exist are created and subordinated to this end.

    During the evaluation the majority of countries participating in the UPR
    praised the Island for its “progress” in relation to the Millennium
    Development Goals, especially in regard to education and access to
    health services and changes in immigration policy and the right of
    Cubans to work for themselves in a set of limited activities. But at the
    same time they urged the Government, among other things, to end the
    short term detentions, harassment and other repressive measures against
    activists and independent journalists, to reduce government control of
    the internet, to allow representatives of the International Committee of
    the Red Cross (ICRC) to visit prisons without limitation, to ratify the
    Covenants on Civil and Political Rights and on Economic, Social and
    Cultural Rights, which Cuba signed since 2008.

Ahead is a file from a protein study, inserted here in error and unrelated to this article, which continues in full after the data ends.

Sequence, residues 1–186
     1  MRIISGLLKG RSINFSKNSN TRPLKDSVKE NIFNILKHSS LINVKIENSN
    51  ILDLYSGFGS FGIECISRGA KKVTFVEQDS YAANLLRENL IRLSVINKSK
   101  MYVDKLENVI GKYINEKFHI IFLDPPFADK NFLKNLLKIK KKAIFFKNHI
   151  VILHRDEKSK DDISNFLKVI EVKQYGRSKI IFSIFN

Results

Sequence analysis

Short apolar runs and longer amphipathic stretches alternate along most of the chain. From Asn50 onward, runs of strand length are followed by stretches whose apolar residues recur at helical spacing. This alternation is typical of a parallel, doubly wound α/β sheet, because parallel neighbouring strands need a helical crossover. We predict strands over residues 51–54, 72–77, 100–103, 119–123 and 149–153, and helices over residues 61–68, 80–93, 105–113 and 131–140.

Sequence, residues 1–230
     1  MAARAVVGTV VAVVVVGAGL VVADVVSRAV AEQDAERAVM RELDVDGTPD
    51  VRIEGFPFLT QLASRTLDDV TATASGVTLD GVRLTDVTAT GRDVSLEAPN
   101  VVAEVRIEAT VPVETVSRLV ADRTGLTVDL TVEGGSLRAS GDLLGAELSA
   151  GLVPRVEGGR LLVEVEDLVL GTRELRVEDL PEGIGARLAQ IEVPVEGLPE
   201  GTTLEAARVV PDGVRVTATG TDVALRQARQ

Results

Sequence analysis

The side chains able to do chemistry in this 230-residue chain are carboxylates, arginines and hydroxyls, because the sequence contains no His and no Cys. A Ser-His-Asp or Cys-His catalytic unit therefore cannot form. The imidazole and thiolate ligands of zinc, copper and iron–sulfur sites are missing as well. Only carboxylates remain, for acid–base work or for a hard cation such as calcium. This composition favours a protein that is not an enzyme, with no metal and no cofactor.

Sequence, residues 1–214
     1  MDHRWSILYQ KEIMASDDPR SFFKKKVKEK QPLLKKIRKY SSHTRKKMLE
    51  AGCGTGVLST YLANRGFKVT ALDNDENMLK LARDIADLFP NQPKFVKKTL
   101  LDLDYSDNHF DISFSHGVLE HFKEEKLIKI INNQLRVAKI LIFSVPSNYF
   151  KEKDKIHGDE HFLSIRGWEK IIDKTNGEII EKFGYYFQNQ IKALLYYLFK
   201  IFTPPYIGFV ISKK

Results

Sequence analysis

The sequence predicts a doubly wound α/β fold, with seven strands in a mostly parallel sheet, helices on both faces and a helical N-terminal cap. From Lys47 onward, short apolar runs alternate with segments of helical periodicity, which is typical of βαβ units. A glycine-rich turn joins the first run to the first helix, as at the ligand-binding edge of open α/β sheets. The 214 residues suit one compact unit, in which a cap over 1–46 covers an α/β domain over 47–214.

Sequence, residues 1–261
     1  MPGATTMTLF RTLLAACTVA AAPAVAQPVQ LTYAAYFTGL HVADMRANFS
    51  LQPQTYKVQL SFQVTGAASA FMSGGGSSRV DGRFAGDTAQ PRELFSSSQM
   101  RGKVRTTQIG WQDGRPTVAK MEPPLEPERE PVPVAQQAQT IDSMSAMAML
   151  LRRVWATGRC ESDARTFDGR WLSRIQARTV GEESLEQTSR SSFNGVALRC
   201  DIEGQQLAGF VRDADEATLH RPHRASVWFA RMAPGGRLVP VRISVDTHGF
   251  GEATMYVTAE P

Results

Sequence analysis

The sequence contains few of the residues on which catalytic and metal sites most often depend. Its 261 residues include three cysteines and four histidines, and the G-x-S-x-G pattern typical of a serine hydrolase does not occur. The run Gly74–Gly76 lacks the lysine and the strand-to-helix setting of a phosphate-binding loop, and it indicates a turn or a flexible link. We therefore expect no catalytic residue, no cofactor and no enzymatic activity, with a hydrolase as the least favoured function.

As a result of the evaluation, the HRC made 204 recommendations and
    suggestions more than in 2009, that is a total of 292. The comments
    correspond to the deplorable state of human rights in Cuba and
    correspond to the allegations made by the Cuban opposition inside and
    outside the country before and after the creation of the HRC,
    demonstrating conclusively that the absence of civil liberties and
    fundamental rights in Cuba have little to do with the dispute with or
    the “baloney” of the enemy. There is no denying that there have been
    some changes in human rights, but in a western country with a rich
    history in freedoms, the current state is deplorable and unsustainable,
    as these small measures implemented don’t even reach the level of
    respect for human rights that existed in Cuba since the second half of
    the nineteenth century.

    An important step would be to start by ratifying the covenants Cuba
    signed five years ago, which, if made binding, could be a real sign of
    change.

    However, we must recognize that the response of the island’s ambassador
    to the UN, arguing that of these recommendations “a large group” will be
    accepted and implemented “according to our possibilities and changing
    circumstances,” is at least some distance from those inflammatory
    speeches any time a remark is made about the Island.

    Translated from Diario de Cuba

    14 May 2013

    http://translatingcuba.com/a-second-evaluation-dimas-castellanos/